(Ambition No. 1) Concert pianist. Abandoned because his small hands meant "octave passages lacked bravura."

(Ambition No. 2) Composer. Nicolas Slonimsky created some remarkable compositions (see below). However, almost all of his works were miniatures, which Nicolas considered a failure

(Ambition No. 3) Conductor. Although extremely gifted in this area, as previously noted, Nicolas' choice of programming was in conflict with the mediocrity of public tastes.

(Ambition No. 4) "To excel in musical lexicography. I almost succeeded." It is puzzling why Nicolas considered this aspect of his career as a failure. Nicolas himself even quotes sources as stating that he is "quite simply the world's foremost musical lexicographer."

Beauty is in the eye of the beholder, and so is success.


Personal favorites of Nicolas Slonimsky's compositions are Gravestones of Hancock, New Hampshire and especially Five Advertising Songs.  The advertising songs in particular epitomize Nicolas' perceptiveness, creativity, craftsmanship, satire and sense of humor.  Consider the multitudinous traits which coexist in the advertising songs: The text from advertisements is seriously set, yet also ironic and paradoxical.  The highly crafted lieder style is both appropriate and satirical.  The very concept of the advertising text as art song is cognizant of many interrelationships between popular culture and fine art culture.  All of this done in an entertaining fashion.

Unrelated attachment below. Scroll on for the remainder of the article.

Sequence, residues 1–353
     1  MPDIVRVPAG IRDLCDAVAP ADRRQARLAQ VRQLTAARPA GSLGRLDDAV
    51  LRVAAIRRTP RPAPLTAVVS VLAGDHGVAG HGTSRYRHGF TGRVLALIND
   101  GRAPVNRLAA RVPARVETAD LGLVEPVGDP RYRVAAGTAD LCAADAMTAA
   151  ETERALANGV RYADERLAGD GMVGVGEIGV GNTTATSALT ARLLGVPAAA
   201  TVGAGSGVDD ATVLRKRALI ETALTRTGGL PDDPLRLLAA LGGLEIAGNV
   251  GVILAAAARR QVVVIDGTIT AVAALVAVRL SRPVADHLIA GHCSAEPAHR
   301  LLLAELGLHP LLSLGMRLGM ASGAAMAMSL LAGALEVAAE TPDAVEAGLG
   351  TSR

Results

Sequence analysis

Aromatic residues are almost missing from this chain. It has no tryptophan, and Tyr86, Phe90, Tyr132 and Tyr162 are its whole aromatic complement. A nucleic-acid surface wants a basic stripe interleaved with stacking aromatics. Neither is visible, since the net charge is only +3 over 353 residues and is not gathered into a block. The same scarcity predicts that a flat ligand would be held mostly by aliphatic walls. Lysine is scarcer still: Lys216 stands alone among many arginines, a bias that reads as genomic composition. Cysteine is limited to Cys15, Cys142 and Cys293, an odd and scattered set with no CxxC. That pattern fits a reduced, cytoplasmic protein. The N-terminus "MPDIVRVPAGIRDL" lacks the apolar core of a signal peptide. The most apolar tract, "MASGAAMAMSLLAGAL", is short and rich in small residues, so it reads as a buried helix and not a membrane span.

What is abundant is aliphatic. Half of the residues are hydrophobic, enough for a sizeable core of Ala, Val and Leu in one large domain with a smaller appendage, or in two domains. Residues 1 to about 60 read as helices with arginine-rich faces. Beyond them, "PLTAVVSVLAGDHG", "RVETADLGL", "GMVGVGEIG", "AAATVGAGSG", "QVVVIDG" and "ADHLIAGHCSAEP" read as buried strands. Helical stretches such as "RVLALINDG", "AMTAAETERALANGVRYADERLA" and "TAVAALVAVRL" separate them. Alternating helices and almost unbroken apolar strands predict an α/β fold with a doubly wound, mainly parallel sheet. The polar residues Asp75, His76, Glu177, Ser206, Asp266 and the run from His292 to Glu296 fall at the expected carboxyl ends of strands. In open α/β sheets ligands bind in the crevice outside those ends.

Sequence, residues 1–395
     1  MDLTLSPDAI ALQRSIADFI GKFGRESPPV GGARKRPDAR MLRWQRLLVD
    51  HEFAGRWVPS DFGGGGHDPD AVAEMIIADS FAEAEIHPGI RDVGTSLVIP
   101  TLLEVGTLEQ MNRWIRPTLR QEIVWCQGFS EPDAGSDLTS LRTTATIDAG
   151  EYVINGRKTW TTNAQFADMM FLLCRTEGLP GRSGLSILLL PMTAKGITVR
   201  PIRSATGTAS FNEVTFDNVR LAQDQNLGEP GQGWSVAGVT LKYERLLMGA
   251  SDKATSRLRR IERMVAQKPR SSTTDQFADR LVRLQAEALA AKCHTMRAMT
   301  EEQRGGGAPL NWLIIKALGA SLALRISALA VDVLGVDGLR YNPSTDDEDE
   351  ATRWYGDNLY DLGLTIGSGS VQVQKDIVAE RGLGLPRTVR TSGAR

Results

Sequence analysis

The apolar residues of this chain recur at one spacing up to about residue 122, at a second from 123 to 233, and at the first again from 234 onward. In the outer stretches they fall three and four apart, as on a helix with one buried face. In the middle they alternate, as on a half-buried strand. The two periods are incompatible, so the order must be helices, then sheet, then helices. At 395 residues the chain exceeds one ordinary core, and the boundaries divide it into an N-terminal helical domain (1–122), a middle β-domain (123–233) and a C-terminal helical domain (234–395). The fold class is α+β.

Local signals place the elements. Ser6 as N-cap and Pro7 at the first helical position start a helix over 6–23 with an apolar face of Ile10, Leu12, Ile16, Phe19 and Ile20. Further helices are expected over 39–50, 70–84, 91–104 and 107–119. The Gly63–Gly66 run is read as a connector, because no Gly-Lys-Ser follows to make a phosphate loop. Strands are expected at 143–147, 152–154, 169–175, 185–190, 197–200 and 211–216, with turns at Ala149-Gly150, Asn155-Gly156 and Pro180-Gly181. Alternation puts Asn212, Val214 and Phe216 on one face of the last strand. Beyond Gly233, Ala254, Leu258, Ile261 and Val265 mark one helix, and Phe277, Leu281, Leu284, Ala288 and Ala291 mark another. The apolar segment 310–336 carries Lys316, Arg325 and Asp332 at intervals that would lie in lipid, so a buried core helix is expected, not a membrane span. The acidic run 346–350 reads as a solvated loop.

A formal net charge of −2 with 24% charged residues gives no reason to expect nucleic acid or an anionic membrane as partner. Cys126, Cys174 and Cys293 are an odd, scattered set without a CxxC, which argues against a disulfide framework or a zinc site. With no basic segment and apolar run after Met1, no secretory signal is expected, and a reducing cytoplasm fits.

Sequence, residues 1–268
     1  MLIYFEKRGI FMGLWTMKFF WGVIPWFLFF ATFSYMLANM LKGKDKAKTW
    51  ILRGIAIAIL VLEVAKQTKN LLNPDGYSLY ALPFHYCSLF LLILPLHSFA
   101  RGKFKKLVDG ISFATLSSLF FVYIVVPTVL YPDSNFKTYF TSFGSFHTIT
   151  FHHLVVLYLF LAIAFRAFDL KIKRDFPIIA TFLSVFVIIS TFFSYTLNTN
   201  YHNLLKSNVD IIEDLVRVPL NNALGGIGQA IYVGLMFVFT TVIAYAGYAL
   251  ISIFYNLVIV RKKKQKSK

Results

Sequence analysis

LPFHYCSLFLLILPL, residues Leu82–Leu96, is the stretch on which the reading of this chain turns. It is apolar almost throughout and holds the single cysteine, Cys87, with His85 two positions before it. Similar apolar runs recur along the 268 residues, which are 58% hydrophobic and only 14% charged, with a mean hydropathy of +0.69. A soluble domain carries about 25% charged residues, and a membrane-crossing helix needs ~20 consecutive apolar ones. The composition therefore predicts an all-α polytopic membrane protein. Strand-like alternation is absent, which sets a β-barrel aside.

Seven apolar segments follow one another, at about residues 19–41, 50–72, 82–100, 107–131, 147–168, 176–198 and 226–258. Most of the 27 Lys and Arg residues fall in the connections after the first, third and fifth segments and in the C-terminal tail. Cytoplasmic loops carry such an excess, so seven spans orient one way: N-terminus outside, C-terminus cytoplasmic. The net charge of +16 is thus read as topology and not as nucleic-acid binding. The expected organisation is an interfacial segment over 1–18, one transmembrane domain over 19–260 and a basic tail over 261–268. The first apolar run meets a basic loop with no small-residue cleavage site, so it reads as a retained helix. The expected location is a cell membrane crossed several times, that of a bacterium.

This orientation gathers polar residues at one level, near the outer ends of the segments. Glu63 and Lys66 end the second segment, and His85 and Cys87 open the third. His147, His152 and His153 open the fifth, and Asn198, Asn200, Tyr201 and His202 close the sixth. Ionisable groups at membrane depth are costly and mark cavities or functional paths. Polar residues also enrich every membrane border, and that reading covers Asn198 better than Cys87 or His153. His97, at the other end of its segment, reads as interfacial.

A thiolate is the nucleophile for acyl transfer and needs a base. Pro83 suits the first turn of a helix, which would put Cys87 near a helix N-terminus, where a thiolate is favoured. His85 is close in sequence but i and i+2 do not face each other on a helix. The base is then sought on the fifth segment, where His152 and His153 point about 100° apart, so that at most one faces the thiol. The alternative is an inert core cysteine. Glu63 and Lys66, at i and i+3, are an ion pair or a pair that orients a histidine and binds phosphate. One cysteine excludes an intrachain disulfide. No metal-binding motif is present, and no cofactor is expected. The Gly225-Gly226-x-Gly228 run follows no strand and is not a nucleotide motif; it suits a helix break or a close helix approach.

This author has possession of two antiques which are often referred to as "Long Playing Phonograph Records."  One is Orion 7145 which contains Gravestones of Hancock, New Hampshire; the other is Orion 72100 which contains Five Advertising Songs.  The latter has developed a warp which only on certain days can my fancy schmancy direct drive turntable track.  It was wonderful to receive a digital rendering of Gravestones of Hancock, New Hampshire via Electra Yourke's new release.  Perhaps some day someone will persuade the owner of the Orion master tapes to permit a digital release of Five Advertising Songs

Also interesting among the compositions of Nicolas Slonimsky is the Yellowstone Park Suite for solo piano. The sixth movement is Roaring Mountain. This movement prominently features the "Grandmother Chord." The grandmother chord was an invention of Nicolas and contains all twelve tones and all eleven intervals. The grandmother chord is spelled: going up: c-b-d flat-b flat-d-a, going down: a flat-e flat-g--e-f sharp-f.

Recollections of a Seminar with Nicolas Slonimsky